An Englishman Abroad

by Alan Bennett

An Englishman Abroad had 2 performances about 8 years ago (between the 8th of October 2010 and the 23rd of October 2010) at Riverside Arts Centre and Rhoda McGaw Theatre

An Englishman Abroad is based on actress Coral Browne's 1958 visit to Moscow with the Royal Shakespeare Company, where she met the exiled English spy, Guy Burgess. In writing the play Bennett was able to rely on Burgess' letters to Browne, as well as 'her original notes on his measurements and even his cheque, uncashed, for ?6'. The action centres on Browne's visit with Burgess in his dingy, seedy, chaotic Moscow flat, with a few scenes following Browne on the London errands she runs for Burgess to buy him a new suit and some pyjamas. With its sharp insightful dialogue, 'An Englishman Abroad' is a witty and touching short play. Very well crafted, it makes its points easily and with just the right understatement. In the play it is suggested that Burgess was a spy because he wanted a place where he was alone and that having a secret supplied this.

The play must have a strong sense of period and place. There should be an almost tangible sense of yearning for 'the old country'. It should make us Smile ~ but also touch us.

For details of characters, see 'Cast' section below.

Full details of Woking Festival can be found on the festival website http://www.wokingdramafestival.org.uk/

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Guy Burgess - David Webb

An ex-public school, Cambridge-educated man with a somewhat camp, louche, manner. Crumpled, He is an ill-kempt man always playing the fool - not only for his own amusement and love of exhibitionism, but with the object of keeping everyone in the dark as to his own views and intentions. In the play Burgess says ”I lack what the English call character, by that they mean the power to refrain’ Burgess is a sad, lonely man in his Moscow exile - all too well aware of his sad fate, but managing to make do. Coral Browne offers some connection with England, and he eagerly grasps for it. His flailing questions about old acquaintances from a lost time and world suggest he doesn’t even want to know too much about the present; it is the England he left he mourns for, and which he tries vaguely to keep alive in his sad little exile.

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Coral Browne - Frankie Godliman

A striking woman; tall and elegant with a powerful actress’s voice which only betrays her Australian childhood when she loses her temper. She has some very witty lines about Russia and its people. She hasn’t much interest in politics and can’t muster much morality but does feel sorry for Burgess. She manages to prick people's pomposity with her waspish style of delivery and brittle no-nonsense approach. Much of the humour in the play falls from her witty ripostes and acid delivery.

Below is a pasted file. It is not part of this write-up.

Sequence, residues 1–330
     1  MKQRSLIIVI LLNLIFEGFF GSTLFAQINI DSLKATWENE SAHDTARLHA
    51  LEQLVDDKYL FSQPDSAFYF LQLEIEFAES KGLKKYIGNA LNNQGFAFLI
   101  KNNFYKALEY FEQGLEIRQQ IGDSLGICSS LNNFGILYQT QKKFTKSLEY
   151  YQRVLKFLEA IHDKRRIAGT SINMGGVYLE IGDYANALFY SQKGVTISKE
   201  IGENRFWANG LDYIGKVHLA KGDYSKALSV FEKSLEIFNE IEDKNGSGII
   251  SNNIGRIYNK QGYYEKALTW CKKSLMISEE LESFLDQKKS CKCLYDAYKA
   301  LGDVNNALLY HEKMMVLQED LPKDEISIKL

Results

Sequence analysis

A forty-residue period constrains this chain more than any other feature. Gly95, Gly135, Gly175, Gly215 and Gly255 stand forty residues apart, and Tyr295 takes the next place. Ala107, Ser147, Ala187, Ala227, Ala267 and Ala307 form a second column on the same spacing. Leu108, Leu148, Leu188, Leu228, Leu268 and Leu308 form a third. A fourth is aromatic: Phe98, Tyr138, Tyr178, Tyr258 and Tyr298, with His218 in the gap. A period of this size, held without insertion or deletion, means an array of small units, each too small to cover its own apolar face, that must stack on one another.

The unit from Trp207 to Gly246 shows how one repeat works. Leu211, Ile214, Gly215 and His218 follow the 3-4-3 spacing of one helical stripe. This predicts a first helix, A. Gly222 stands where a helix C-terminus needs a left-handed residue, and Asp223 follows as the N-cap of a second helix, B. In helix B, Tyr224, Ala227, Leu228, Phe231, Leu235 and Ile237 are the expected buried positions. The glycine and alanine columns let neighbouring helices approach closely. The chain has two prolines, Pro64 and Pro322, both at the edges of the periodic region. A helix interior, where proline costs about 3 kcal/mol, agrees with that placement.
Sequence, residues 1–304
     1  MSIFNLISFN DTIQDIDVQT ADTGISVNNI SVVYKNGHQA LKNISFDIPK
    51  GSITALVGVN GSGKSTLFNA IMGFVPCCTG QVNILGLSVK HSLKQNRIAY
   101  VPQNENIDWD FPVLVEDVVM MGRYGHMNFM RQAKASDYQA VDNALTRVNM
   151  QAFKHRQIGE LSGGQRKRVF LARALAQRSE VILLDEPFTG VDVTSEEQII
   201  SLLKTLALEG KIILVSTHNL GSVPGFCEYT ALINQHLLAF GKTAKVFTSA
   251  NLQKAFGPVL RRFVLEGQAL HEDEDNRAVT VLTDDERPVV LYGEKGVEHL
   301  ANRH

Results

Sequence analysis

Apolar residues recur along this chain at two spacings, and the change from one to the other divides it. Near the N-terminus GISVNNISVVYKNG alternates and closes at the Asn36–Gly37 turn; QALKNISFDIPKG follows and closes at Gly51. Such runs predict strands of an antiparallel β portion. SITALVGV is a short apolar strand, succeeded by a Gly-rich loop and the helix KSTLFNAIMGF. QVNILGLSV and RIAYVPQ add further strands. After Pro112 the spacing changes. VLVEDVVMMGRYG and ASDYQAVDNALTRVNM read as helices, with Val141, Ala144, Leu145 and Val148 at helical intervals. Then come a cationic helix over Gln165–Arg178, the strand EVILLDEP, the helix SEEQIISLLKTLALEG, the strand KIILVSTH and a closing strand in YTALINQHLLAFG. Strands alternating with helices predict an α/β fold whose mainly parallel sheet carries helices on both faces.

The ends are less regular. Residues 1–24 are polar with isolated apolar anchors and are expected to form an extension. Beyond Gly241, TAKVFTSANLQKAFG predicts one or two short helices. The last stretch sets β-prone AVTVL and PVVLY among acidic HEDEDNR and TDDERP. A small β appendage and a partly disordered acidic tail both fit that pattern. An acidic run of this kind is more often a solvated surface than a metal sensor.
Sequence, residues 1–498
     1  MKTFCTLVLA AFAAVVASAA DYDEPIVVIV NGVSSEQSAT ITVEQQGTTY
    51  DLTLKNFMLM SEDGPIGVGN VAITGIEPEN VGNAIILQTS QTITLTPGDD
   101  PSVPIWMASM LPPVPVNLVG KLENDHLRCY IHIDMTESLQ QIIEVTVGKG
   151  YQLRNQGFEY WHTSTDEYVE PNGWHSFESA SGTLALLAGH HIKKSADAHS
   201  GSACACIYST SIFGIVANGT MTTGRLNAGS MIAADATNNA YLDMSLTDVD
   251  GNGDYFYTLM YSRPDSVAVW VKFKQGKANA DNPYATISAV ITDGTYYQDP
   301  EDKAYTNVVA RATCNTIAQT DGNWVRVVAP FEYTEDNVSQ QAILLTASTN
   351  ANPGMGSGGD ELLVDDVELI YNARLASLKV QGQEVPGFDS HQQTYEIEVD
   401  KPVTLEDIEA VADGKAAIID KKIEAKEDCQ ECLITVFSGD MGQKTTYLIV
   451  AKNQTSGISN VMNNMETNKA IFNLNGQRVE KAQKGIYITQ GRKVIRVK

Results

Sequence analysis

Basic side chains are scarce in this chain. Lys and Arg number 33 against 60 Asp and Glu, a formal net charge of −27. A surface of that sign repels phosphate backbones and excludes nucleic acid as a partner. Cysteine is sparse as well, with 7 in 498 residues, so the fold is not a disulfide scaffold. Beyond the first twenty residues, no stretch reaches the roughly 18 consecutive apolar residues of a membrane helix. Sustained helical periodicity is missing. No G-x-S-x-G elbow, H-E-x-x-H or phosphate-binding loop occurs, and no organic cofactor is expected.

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Tolya - Jakub Bednar

A young Russian and Burgess’s “friend” probably supplied by his masters. A small but vital cameo role, he speaks some Russian and is required to sing Gilbert and Sullivan’s “Take a Pair of Sparkling Eyes” accompanying himself and Burgess on the balalaika.

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Tailor - Bill Newman

A cameo part; he is very formal and an old school Englishman

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Shop Assistant - Paul Foster

Very condescending, disdainful and disapproving. Looks down his nose at Browne’s attempts to buy some pyjamas for Guy Burgess. A small but vital part.

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Director - Judith Dolley

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Stage Manager - Liz Thomas

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Lighting - Bill Payne

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Sound - Ian Santry

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Set Design and Construction - John Godliman

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Continuity - Linda Russell

Eileen Harper Memorial Trophy for Runners Up Woking Drama Festival - 2010
Best Director Judith Dolley Woking Drama Festival - 2010
Guildbury Shield for Technical Excellence Woking Drama Festival - 2010
Pauline Brown Award for Best Backstage Management Woking Drama Festival - 2010
Spelthorne Cup for Overall Best of Festival Spelthorne & Runnymede Drama Festival - 2010
Best Actress Frankie Godliman Spelthorne & Runnymede Drama Festival - 2010
Stage Presentation Award Spelthorne & Runnymede Drama Festival - 2010